Proposed road improvements on and near the Douglas Bridge were received with some approval and some skepticism Thursday night at an open house held by the state Department of Transportation.
Chris Morrow of DOT gave two presentations and held a four-hour open house to address residents' concerns and solicit their responses.
On displays lining the walls of the Egan Room at Centennial Hall, Morrow illustrated traffic volume projections for the next 20 years, possible solutions for traffic congestion, and drawings of the proposed project.
The project would widen sections of Egan Drive and 10th Street, add a reversible lane on the Douglas Bridge to accommodate rush-hour traffic, and construct a circular roadway, called a roundabout, at the intersection of Douglas Highway and North Douglas Highway.
The reversible lane on the bridge would run one-way from Douglas to Juneau for about three or four hours in the morning. For the rest of the day the lane would run from Juneau to Douglas. Overhead traffic lights on both sides of the bridge would tell motorists when the lane is open.
The bicycle lanes on the bridge would be removed to make room for the reversible lane.
Morrow said DOT expects the traffic volume to increase 40 percent by 2022, causing gridlock at the 10th and Egan intersection if preventative plans are not implemented.
John Andersen, a cyclist who commutes to work from downtown Juneau to the Mendenhall Valley, questioned the validity of the traffic-growth projections, saying that some of the more extreme jumps in traffic volume may be attributed to construction projects around Juneau or other factors not considered by DOT.
Andersen said he had not made up his mind on the proposal, but added that removing the bicycle lanes would slow traffic traveling on the bridge because cars would be caught behind cyclists using the regular lane. Andersen said most bicycles travel at about 10 mph while riding uphill on the bridge.
He suggested making it more inconvenient to park downtown in order to reduce traffic. He also recommended constructing a parking garage on the Juneau side of the bridge that would provide free shuttle buses downtown.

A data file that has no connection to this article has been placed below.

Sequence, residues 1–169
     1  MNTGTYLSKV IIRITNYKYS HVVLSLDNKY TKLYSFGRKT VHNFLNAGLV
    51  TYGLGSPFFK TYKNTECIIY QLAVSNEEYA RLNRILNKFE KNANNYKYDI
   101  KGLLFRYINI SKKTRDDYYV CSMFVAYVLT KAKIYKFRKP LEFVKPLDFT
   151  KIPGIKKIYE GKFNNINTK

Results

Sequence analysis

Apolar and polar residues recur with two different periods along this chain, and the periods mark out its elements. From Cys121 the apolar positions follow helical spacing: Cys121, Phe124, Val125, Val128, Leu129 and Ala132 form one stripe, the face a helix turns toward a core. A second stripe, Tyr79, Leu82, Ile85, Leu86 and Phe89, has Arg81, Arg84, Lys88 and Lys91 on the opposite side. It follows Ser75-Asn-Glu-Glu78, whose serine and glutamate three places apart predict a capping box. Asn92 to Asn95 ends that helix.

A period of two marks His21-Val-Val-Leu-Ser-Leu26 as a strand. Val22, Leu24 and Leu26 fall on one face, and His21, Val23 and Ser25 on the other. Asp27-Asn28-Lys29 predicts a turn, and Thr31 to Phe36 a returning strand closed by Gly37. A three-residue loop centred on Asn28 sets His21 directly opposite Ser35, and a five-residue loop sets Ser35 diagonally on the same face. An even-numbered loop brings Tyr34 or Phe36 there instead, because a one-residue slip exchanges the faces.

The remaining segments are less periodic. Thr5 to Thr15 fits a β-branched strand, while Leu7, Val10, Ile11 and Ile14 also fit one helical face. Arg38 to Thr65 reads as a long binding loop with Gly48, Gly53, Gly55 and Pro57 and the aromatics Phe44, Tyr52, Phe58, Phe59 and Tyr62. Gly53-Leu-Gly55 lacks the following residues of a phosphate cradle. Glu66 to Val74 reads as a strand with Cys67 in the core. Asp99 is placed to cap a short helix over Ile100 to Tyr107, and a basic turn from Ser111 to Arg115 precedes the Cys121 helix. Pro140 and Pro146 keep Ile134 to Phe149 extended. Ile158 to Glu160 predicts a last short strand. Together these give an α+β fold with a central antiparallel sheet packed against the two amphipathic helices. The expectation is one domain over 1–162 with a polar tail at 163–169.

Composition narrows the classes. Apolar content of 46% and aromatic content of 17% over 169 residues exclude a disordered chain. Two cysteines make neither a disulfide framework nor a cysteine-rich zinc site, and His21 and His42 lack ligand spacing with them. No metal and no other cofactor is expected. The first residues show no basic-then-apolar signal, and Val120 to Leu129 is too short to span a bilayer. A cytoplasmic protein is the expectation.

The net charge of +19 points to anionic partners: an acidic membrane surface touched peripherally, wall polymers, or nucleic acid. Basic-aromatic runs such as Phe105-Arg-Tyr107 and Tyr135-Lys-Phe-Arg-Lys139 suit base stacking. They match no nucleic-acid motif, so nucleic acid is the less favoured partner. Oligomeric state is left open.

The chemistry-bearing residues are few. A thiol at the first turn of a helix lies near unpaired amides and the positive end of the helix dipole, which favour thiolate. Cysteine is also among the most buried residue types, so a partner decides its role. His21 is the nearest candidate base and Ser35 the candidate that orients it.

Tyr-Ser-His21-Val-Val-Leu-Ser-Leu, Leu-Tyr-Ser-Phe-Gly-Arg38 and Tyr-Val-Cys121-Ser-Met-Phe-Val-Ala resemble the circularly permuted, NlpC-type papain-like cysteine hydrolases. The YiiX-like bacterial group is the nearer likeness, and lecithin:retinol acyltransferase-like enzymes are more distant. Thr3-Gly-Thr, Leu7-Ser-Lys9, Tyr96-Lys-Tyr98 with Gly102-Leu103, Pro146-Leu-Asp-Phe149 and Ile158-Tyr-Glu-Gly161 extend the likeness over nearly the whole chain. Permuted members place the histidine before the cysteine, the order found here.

"How much of a parking garage can you build for $8 million?" Andersen asked, referring to the projected $8.5 million cost of the DOT proposal.
Henry Jebe, a North Douglas resident, supported the idea of the roundabout, which he said would slow down motorists entering Douglas from Juneau.
"That means less people coming down off the bridge doing 40 mph," Jebe said. "That roundabout solves several different problems - it slows down cars and makes it easier to enter into traffic from North Douglas."
He said a roundabout also would create a more level roadway, making it safer to exit from a tilted bank in the road where the Douglas Highway and North Douglas Highway intersect. That intersection is more prone to accidents during the winter when ice and snow make the road slick, he said.
Jebe also said plans for the reversible lane would not hinder cyclists much because they could use the pedestrian sidewalk.
"I know a lot of cyclists who already use the pedestrian (sidewalk)," Jebe said.
But Joyce Levine, a Juneau resident and cyclist, disagreed.
"That's a dangerous place," she said, warning of potential collisions between cyclists and pedestrians.
"You're encouraging people to ride on the road - that's not right," Levine told Morrow.
Removing the bike lanes would encourage accidents, Levine said, noting that the state should assume some liability for any accidents if they move forward with the project.
"The city has encouraged people to ride their bicycles," she said, referring to events such as the annual bike-to-work day. "If they're encouraging them to ride their bikes, then the DOT should provide bike lanes that are regularly swept of broken glass and other debris."
Juneau resident Dennis Harris opposed the project as a whole, but said he supports installing the roundabout. The rest of the plan is unnecessary, he said.
"I'm not sure this needs to be done right now," he said. "I don't see how these projected traffic figures can be accurate because I don't think there's going to be any place to park all the cars coming downtown."
He recommended implementing more frequent bus service at peak hours of travel, making arrangements with Valley businesses to establish use of their parking lots as park-and-ride lots, and encouraging the state to provide free bus service for its employees.
"Part of the problem is that highway engineers think about moving cars, and they don't think about people," he said.
Morrow said DOT should have residents' comments reviewed by the end of August. The agency then will take the plan to the Juneau Assembly for approval later this year.
Timothy Inklebarger can be reached at firstname.lastname@example.org.